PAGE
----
Supported by




Le Mans 2016 - Ayse's Story

Page 4 - Monday 13th June

More Scrutineering....



Having got a decent nights sleep my body clock woke me early as usual and I eventually got up around 7.45.  Although James and I have had the habit in recent years of heading into town a little later on day two of scrutineering as that normally starts with a succession of Ferraris, those were the very cars that Toby particularly wanted to see, so we made an earlier start than normal at 9.25, again parking in the Rue D'Algers, this time avoiding the fun and games with the ticket machine that we had last year by paying by card.  Unfortunately as we could only purchase three hours at a time, it would mean a couple of trips back to renew the ticket during the day.

Having had another quick look around the square which was pretty quiet at this time, we took a breakfast of coffee and croissants at the Galand before James and I moved around to our favourite spot to watch the cars arrive.  The Ferraris were already arriving en masse and Toby stationed himself at the scrutineering area, hoping to get a closer look. 























While taking up our position we bumped into Bart Hayden, the boss of the Rebellion team (who we visited in the pits back in 2009 when they were still the Speedy Racing Team Sebah with Rebellion sponsorship).  James has maintained occasional contact since organising that pit visit and several times since we've been able to have a chat with him.  His initial reticence seemed to be quickly overcome, perhaps as a result of appreciating that he was with friends of the team and he became rather more candid with us about the team's chances, what with the apparent fragility of the factory LMP1s and the good results at Silverstone and Spa.  It's a fact that we all love those that try and we could only hope that Rebellion's dogged persistence in LMP1 would bring them a decent result. 


As yesterday, we experienced some rain showers, but managed to dodge the worst of them by standing under the overhangs of the surrounding buildings.  We did well when the nice young lady working for Audi started dishing out the posters and t-shirts (although it's a shame that we're all supposed to be medium sized!). 


For me, the highlights of the second day of scrutineering were Audi and Rebellion and we managed to get ourselves into a couple of good spots for photos.  At one point we stepped out of the rain showers to go into one of the local shops as that had the lure for me of a large selection of fountain pens (one of my other passions!) but I managed to resist the urge to spend my Euros in there, although Toby did buy a marker pen in the hope of getting autographs of the Audi drivers on his freebie Audi t-shirt.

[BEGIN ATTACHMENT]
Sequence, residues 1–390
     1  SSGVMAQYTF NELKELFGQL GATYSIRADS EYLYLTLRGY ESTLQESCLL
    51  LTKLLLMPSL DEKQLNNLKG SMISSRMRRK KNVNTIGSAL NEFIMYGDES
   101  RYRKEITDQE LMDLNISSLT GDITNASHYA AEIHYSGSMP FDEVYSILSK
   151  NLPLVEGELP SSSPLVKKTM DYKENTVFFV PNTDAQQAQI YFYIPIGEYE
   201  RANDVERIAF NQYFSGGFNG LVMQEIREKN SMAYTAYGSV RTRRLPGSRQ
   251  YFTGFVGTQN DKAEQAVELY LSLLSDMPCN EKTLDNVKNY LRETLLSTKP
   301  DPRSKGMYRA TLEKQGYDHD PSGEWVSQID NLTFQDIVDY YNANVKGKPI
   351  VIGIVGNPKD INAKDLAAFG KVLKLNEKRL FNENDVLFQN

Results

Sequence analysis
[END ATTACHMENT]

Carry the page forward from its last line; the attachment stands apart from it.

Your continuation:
As morning moved into the afternoon, it was time to get some lunch and for once we resisted the temptation of another croque madame and instead walked down into the town to indulge in baguettes and pastries from one of the local shops - and very good they were too. 




Following our lunch it was back to scrutineering still suffering from regular showers of rain.  As the crowds were thinner than normal, Toby and I were able to pause at the end of the scrutineering area where the cars and drivers make their exit to take some photographs while James paid a visit back to the car to top up on the parking time. 













We saw the Audis emerge but sadly the drivers were nowhere to be seen.  Eventually we gave up on the autograph idea but as we left the scrutineering area we bumped into Leena Gade, the well known race engineer of the very successful Lotterer/Fässler/Treluyer car.  Leena would be retiring from the Audi race team after Le Mans to move to the Bentley customer arm.  Leena was kind enough to pause for photos and to put her autograph on Toby's short! 


On our way up to scrutineering that morning we had spotted a patisserie selling typical wonderful looking pastries so as the afternoon wore on we decided to walk down there and Toby and I indulged in a rather large millefeuille each.  Although we did head back we soon concluded that we had seen all that we really wanted to see, including a close-up view of the Rebellions and the ByKolles car as they were put back into their trucks.  We decided to call it a day and headed back to the car.






Click the link below to see my videos from scrutineering on both Sunday and Monday. 

On the way back to the hotel we stopped at the local Auchan for provisions - for me, some water, cherries, strawberries and my favourite almond tuiles.  Back at the hotel we chilled for a couple of hours before going out for dinner.   For dinner, old habits died hard again for James and I and Monday evening meant a trip up to the Hippo Grill, where tradition again dictated foie gras to start, followed by the steak kebabs.  The food was excellent in familiar (if still slightly dull surroundings).  After dinner it was back to base again for some more football on the TV and shuteye. 

So, three days into the trip already and scrutineering was now done.  A fine (if rather damp around the edges) start.  Despite my now legendary weather 'optimism', I was still concerned about the weather as it appeared unlikely to cheer up very much for the rest of the week.  But tomorrow was another day, the familiar 'day of rest' between scrutineering and qualifying which would see the team numbers swelled by the arrival of Tony's party in the afternoon.